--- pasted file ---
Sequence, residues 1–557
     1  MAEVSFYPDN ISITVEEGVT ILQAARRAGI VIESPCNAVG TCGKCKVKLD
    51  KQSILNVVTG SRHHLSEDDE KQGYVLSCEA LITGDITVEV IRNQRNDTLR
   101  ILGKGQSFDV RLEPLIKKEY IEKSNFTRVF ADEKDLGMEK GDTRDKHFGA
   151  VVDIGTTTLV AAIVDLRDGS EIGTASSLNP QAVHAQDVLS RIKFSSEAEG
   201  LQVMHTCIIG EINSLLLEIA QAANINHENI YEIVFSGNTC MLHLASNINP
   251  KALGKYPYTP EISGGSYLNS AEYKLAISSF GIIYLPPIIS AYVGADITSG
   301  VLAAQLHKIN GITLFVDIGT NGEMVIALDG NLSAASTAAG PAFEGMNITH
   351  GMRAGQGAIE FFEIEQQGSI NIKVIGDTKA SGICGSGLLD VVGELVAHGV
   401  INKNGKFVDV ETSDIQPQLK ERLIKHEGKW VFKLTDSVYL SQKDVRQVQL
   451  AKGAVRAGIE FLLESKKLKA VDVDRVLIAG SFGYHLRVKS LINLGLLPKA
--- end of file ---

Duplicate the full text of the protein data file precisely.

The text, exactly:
Sequence, residues 1–557
     1  MAEVSFYPDN ISITVEEGVT ILQAARRAGI VIESPCNAVG TCGKCKVKLD
    51  KQSILNVVTG SRHHLSEDDE KQGYVLSCEA LITGDITVEV IRNQRNDTLR
   101  ILGKGQSFDV RLEPLIKKEY IEKSNFTRVF ADEKDLGMEK GDTRDKHFGA
   151  VVDIGTTTLV AAIVDLRDGS EIGTASSLNP QAVHAQDVLS RIKFSSEAEG
   201  LQVMHTCIIG EINSLLLEIA QAANINHENI YEIVFSGNTC MLHLASNINP
   251  KALGKYPYTP EISGGSYLNS AEYKLAISSF GIIYLPPIIS AYVGADITSG
   301  VLAAQLHKIN GITLFVDIGT NGEMVIALDG NLSAASTAAG PAFEGMNITH
   351  GMRAGQGAIE FFEIEQQGSI NIKVIGDTKA SGICGSGLLD VVGELVAHGV
   401  INKNGKFVDV ETSDIQPQLK ERLIKHEGKW VFKLTDSVYL SQKDVRQVQL
   451  AKGAVRAGIE FLLESKKLKA VDVDRVLIAG SFGYHLRVKS LINLGLLPKA